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Inhibition of Trypanosoma evansi Protein-Tyrosine Phosphatase by Myristic Acid Analogues Isolated from Khaya senegalensis and Tamarindus indica

Authors Dingwoke EJ, Adamude FA, Chukwuocha CE, Ambi AA, Nwobodo NN, Sallau AB, Nzelibe HC

Received 13 August 2019

Accepted for publication 8 November 2019

Published 18 December 2019 Volume 2019:11 Pages 135—148

DOI https://doi.org/10.2147/JEP.S226632

Checked for plagiarism Yes

Review by Single anonymous peer review

Peer reviewer comments 5

Editor who approved publication: Professor Bal Lokeshwar


Emeka John Dingwoke,1 Fatima Amin Adamude,2 Chimee Ethel Chukwuocha,1 Ahmed Adamu Ambi,1 Nwobodo Ndubuisi Nwobodo,3,4 Abdullahi Balarabe Sallau,1 Humphrey Chukwuemeka Nzelibe1

1Department of Biochemistry, Faculty of Life Sciences, Ahmadu Bello University, Zaria, Kaduna State, Nigeria; 2Department of Biochemistry, Faculty of Medical Sciences, Federal University Lafia, Nasarawa State, Nigeria; 3Department of Pharmacology and Therapeutics, College of Medicine, Enugu State University of Science and Technology, Enugu, Enugu State, Nigeria; 4Department of Pharmacology and Therapeutics, College of Health Sciences, Nile University of Nigeria, Abuja, Nigeria

Correspondence: Emeka John Dingwoke
Department of Biochemistry, Faculty of Life Sciences, Ahmadu Bello University, Zaria, Kaduna State, Nigeria
Tel +234 7030665559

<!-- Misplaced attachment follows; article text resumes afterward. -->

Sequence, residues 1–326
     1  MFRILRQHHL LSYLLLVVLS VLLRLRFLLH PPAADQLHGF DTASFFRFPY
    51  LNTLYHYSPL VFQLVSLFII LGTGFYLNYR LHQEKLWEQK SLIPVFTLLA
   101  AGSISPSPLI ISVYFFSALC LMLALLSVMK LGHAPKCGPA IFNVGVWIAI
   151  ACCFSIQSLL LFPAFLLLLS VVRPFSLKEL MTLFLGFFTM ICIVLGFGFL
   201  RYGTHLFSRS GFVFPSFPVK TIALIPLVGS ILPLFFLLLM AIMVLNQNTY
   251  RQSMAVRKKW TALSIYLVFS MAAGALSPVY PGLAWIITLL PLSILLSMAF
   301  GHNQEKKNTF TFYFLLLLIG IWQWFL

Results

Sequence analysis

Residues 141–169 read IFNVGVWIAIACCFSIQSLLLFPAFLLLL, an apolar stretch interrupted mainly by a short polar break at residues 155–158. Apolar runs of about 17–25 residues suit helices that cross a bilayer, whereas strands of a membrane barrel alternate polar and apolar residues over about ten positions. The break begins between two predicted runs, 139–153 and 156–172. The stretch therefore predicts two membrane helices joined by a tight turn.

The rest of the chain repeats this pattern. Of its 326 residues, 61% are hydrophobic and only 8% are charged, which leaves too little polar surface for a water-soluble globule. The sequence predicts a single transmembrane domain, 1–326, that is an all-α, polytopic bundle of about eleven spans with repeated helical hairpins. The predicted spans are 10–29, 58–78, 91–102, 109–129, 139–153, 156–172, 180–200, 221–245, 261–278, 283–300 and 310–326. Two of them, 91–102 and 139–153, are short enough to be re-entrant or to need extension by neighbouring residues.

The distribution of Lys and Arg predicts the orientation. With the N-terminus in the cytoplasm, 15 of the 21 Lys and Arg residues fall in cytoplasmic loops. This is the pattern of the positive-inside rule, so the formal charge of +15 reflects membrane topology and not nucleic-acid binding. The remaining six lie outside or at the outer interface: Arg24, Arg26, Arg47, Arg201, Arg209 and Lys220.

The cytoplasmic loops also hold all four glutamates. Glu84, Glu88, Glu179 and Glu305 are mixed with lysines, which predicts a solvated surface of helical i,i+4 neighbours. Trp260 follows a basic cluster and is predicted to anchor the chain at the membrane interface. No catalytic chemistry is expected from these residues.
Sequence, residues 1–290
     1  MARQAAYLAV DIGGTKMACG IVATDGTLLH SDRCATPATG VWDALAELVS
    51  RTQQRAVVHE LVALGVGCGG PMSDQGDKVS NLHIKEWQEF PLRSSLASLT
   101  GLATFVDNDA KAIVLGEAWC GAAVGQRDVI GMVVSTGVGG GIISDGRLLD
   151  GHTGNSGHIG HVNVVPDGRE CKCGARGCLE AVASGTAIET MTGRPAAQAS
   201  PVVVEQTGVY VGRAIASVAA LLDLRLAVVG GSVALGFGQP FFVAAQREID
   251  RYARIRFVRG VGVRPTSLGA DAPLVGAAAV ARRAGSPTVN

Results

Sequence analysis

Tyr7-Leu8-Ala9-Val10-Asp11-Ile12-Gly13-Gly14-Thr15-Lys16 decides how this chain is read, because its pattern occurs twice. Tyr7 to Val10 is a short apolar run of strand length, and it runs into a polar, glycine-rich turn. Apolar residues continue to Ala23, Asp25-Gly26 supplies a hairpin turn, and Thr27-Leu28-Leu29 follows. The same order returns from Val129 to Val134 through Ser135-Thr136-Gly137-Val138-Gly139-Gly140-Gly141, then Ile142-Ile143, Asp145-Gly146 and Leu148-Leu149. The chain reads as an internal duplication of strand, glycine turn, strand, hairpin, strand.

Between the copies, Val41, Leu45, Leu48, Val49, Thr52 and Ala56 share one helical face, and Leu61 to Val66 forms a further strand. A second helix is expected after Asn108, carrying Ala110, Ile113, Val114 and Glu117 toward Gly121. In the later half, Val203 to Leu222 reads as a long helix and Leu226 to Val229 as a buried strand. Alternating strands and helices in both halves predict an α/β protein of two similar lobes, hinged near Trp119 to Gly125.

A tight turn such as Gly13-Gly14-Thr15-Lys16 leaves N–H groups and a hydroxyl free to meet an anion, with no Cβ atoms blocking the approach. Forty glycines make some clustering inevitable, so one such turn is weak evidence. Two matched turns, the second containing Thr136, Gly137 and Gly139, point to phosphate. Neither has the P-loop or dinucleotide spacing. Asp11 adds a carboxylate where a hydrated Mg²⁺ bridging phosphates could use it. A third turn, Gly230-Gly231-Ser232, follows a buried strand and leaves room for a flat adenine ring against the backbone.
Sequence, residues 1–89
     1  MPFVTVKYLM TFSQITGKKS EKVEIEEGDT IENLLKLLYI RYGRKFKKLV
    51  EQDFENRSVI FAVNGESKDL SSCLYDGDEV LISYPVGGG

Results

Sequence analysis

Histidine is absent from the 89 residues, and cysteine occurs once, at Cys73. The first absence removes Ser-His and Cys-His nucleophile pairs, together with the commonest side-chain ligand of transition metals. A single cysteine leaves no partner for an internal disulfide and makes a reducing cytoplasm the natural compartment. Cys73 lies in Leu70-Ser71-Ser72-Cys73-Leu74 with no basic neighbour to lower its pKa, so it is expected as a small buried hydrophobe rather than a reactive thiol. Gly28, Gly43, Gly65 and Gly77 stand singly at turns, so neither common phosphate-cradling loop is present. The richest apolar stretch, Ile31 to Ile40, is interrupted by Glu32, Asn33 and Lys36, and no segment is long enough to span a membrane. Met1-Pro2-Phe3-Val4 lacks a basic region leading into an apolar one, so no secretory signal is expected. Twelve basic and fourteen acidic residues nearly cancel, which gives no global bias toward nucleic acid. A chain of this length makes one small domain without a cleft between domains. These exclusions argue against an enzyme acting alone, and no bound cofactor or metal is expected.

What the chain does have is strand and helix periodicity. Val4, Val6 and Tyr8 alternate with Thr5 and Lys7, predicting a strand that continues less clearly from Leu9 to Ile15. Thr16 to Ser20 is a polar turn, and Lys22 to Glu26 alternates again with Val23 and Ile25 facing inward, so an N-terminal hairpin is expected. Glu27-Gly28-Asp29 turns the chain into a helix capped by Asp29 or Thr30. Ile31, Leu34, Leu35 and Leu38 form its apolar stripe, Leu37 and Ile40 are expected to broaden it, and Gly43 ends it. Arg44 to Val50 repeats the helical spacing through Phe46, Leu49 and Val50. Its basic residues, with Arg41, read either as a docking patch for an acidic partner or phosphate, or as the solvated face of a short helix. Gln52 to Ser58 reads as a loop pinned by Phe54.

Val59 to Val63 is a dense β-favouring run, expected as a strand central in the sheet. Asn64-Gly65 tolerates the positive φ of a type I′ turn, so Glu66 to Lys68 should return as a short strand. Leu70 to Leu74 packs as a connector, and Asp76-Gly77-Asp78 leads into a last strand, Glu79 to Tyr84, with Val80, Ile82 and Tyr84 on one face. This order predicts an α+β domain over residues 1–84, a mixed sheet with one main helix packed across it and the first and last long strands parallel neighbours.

Email dinhimself@yahoo.com

Background: Trypanosome infections still pose severe health and economic consequences, especially in the endemic regions of Sub-Saharan Africa. Trypanosome differentiation to the procyclic forms which lack the immune evasion mechanisms for survival in the bloodstream is prevented by tyrosine dephosphorylation which is catalyzed by protein-tyrosine phosphatase; thereby promoting survival of the parasites in the host. Inhibition of Protein-tyrosine phosphatase is a strategic therapeutic target that could attenuate trypanosomiasis. This study investigated the in vitro inhibitory effect of stem bark extracts of Khaya senegalensis and Tamarindus indica on the enzymatic activity of protein-tyrosine phosphatase.
Methods: All determinations were carried out following standard procedures for analytical experiments. The analogues of myristic acid that inhibited the enzymatic activity of protein-tyrosine phosphatase were isolated by bioassay-guided fractionation of stem bark extracts of Khaya senegalensis and Tamarindus indica.
Results: Analogues of myristic acid proved to be potent inhibitors of protein-tyrosine phosphatase. Double reciprocal (Lineweaver–Burk) plots of the initial velocity data indicated non-competitive inhibition with Ki of 0.67 mg/mL for Khaya senegalensis and 2.17 mg/mL for Tamarindus indica. The kinetic parameters for the cleavage of para-nitrophenylphosphate by the enzyme showed a KM of 3.44 mM and Vmax of 0.19 μmol/min. Sodium orthovanadate, the enzymes’ specific inhibitor, inhibited the enzyme competitively with Ki of 0.20 mg/mL. Gas chromatography-mass spectrometry analysis of the stem bark bioactive fractions of Khaya senegalensis and Tamarindus indica revealed the presence of myristic acid analogues.
Conclusion: Analogues of myristic acid are potent inhibitors of protein-tyrosine phosphatase that could be developed as trypanocide to inhibit the enzymatic activity of protein-tyrosine phosphatase in order to prevent transmission of trypanosomes.

Keywords: Trypanosoma evansi, protein-tyrosine phosphatase, signal transduction, regulation, inhibition, myristic acid analogues, Khaya senegalensis; Tamarindus indica

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